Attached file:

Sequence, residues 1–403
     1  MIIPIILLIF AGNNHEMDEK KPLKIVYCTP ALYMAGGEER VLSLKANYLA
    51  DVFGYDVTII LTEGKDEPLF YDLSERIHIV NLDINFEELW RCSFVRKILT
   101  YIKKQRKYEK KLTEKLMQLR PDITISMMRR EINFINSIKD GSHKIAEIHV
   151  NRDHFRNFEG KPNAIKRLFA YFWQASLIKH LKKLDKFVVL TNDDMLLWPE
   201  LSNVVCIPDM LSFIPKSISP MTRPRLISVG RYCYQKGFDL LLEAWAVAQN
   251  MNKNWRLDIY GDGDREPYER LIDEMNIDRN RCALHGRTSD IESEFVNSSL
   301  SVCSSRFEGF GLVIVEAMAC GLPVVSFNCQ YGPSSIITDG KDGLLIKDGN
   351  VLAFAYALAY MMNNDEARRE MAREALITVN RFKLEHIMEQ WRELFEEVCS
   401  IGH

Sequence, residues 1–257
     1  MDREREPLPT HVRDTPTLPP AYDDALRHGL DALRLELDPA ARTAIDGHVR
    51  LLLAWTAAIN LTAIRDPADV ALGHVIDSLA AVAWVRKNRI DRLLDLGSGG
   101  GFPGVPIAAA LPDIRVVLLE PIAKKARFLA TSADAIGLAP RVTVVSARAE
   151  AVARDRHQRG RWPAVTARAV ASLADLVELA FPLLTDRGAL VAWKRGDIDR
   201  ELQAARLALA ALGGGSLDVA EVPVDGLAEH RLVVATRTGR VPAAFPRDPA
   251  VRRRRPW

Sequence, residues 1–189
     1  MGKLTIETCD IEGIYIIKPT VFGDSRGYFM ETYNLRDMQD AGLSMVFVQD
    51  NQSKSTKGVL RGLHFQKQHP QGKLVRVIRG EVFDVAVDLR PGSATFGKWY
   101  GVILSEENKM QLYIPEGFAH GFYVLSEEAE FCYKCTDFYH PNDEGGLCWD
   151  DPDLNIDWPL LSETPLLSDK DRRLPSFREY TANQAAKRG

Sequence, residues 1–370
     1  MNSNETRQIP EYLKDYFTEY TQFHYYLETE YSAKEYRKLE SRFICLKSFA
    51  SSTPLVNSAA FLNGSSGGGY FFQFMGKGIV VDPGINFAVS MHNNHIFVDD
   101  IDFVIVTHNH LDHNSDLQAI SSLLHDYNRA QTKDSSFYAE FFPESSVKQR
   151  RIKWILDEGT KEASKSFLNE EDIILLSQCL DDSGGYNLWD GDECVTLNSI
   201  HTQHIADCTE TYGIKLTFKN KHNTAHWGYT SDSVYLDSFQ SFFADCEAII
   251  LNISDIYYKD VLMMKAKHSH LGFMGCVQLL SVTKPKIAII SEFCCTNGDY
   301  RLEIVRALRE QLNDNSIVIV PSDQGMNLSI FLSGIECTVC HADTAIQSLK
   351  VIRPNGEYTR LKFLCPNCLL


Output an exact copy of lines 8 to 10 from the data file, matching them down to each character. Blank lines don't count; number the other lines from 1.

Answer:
   301  SVCSSRFEGF GLVIVEAMAC GLPVVSFNCQ YGPSSIITDG KDGLLIKDGN
   351  VLAFAYALAY MMNNDEARRE MAREALITVN RFKLEHIMEQ WRELFEEVCS
   401  IGH